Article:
Jussie Smollett’s Defense’s Closing Arguments Were Certainly a Choice

The entirety of Jussie Smollett’s trial for allegedly faking his own attack was punctuated by weirdness. Closing arguments were no different.
Jussie Smollett (zz/Dennis Van Tine/STAR MAX/IPx 2018)

Jussie Smollett’s trial wound up being about as bizarre as the crime he stood accused of: lying to Chicago cops about a racist, homophobic attack he staged on himself for attention. 

Naturally, the oddness continued into Wednesday, when prosecutors and Smollett’s defense attorneys made their closing arguments.

At one point, Nenye Uche, Smollett’s defense attorney, compared the actor’s alleged attackers to Pablo Escobar, the Columbian drug lord, since police said a small amount of cocaine was found in their home, according to the Chicago Sun-Times. Uche also questioned why one of the two brothers who allegedly jumped Smollett went to the bathroom so often during his testimony, which was a major component of the trial, according to the New York Post. 


“What’s he doing in the bathroom?” Uche asked, according to the Post. 

Smollett’s case—which engendered a wave of sympathy when the public considered the attack to be a hate crime and an onslaught of outrage when cops countered it was a hoax—played out over six days of testimony. Prosecutors set out to portray Smollett, the ex-“Empire” actor, as being so upset with the way his studio handled a threatening letter that he allegedly took it upon himself to hire two brothers to beat him up, put a noose around his neck, and pour bleach on him, all while shouting racist and homophobic slurs as well as “This is MAGA country” in a January 2019 encounter. 

On the other hand, Smollett’s attorneys—and Smollett himself—attempted to undermine that allegation by saying the brothers, who served as lead witnesses for the prosecution, were deeply untrustworthy, self-interested, and scammy. One of them, Olabinjo, was possibly homophobic, or at the very least creepy, Smollett and his attorneys argued. And the other brother, Abimbola Osundairo, was maybe in a romantic relationship with Smollett, who, for some reason, told jurors they had masturbated and done drugs, like cocaine, together. (Abimbola said they never dated.)


Smollett’s attorneys argued Wednesday that the Osundairo brothers had possibly attacked the actor because they didn’t like him, due to a combination of self-hatred and homophobia, or even to convince him to hire them as security. Furthermore, the defense said, the $3,500 check the jury saw from Smollett to the brothers wasn’t for the attack but for a meal and workout plan that included directions to eat StarKist tuna and avocados.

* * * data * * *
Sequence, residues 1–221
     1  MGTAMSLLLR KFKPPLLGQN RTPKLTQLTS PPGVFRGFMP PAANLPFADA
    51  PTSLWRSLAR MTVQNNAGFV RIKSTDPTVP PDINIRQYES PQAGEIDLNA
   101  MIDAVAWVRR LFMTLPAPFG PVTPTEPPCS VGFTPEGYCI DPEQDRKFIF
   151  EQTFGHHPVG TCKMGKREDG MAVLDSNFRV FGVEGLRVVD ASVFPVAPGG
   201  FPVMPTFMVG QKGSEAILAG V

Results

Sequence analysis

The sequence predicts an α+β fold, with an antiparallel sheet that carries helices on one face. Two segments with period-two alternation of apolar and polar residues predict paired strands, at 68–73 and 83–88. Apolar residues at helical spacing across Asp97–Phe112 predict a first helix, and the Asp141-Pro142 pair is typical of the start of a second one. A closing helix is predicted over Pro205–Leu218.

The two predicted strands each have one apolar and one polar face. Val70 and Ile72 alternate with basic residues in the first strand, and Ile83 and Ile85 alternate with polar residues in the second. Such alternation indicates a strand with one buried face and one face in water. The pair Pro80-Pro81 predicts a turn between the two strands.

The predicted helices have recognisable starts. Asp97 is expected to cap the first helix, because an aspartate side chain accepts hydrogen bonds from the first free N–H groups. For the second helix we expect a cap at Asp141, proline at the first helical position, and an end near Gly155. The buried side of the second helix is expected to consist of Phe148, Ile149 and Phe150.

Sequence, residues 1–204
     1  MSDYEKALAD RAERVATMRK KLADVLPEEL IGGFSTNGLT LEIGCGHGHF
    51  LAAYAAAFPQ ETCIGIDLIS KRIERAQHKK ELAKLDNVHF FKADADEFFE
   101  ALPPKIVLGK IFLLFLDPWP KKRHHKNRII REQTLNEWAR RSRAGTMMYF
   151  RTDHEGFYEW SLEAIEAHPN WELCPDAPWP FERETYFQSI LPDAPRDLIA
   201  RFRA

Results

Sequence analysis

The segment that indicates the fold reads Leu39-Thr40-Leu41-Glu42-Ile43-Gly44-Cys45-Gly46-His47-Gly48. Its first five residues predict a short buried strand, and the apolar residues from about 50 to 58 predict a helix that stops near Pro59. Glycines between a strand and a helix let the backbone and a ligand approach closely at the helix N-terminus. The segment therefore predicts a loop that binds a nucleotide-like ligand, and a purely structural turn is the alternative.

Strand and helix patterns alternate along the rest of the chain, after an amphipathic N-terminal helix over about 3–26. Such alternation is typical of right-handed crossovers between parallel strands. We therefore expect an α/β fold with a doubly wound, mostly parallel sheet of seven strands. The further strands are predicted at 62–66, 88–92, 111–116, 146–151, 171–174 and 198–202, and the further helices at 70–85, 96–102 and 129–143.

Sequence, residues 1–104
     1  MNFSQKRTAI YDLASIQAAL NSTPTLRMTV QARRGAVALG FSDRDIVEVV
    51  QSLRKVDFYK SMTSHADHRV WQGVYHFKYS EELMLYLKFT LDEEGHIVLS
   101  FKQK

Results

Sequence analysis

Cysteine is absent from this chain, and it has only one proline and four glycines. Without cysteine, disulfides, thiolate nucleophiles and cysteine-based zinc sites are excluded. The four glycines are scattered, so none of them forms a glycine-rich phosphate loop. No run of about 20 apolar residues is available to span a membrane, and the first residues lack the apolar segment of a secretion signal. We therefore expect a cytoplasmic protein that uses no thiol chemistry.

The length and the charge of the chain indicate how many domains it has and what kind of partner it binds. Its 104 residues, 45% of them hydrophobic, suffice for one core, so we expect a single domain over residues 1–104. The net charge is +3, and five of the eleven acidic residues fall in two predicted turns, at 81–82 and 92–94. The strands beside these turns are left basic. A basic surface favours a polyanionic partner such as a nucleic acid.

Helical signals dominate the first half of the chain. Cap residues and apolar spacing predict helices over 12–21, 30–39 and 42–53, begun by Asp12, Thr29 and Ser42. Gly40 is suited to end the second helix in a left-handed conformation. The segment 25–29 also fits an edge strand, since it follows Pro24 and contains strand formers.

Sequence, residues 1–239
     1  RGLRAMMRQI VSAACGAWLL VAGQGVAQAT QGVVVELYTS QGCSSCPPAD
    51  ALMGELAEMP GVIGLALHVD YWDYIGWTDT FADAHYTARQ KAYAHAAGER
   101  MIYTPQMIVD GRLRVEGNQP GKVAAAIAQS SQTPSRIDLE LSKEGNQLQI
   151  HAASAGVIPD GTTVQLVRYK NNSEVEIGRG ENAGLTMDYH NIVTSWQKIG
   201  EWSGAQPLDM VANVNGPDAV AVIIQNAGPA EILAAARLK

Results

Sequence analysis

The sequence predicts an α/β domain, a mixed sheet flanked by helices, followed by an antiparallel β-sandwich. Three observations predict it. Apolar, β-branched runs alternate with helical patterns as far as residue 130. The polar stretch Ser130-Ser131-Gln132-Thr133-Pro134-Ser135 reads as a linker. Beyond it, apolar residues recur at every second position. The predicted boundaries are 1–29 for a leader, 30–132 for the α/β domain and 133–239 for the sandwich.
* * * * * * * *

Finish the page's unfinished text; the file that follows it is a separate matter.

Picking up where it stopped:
Essentially, each side was accused of behaving in a deeply strange, if not irrational, way outside of the courtroom, then lying while within it. 

“Mr. Smollett went on that witness stand, took an oath to tell the truth, and made many, many false statements to you,” Special Prosecutor Dan Webb said Wednesday, according to the Chicago Sun-Times. “He lied to you as jurors.”

Webb walked jurors through Smollett’s case in an attempt to highlight gaps or contradictions, saying the actor would’ve handed police necessary evidence—like his cellphone, or a DNA sample—if “he was a true victim of a crime,” according to the Associated Press. 


Also, Webb said surveillance footage showed Smollett driving the brothers around before the attack for a “dry run,” circling Smollett’s apartment building multiple times, though Smollett said he was picking them up for a workout until he determined he didn’t want to work out with Olabinjo and canceled, the AP reported.

Uche, the defense attorney for Smollett, said the case wasn’t nearly as clear-cut as the prosecution made it out to be. 

“The entire prosecution case was built like a house of cards,” Uche said, according to the Chicago Tribune. “And we all know what happens to a house of cards when you apply a little pressure. It crumbles.”

Uche noted Smollett often drove around smoking weed, saying prosecutors didn’t want to show footage of him doing that mundane activity, which would somehow disprove their allegations about the “dry run,” according to the AP. Uche also said much of the prosecution’s case relied on testimony from the Osundairo brothers, whom he depicted as sneaky masterminds out for some quick cash. 

“You have to have your guard up with them mentally, emotionally, even spiritually,” Uche said, according to the Tribune. “They are highly intelligent, really smart, and they know how to dumb it down so you think they’re victims.”

As for not turning over certain evidence to police, Uche said Smollett was concerned for his privacy and provided the FBI with a DNA sample after he received the threatening letter, the Tribune reported.

“This case is crazy,” Uche told the jurors, according to the Chicago Tribune. “And there a lot that has been said, a lot of assumptions. And it’s been real tough. You have the power. You are the ones to decide whether this makes sense.”

Smollett faces six counts of disorderly conduct to which he’s pleaded not guilty. Experts have said he’s unlikely to face any prison time, according to the AP.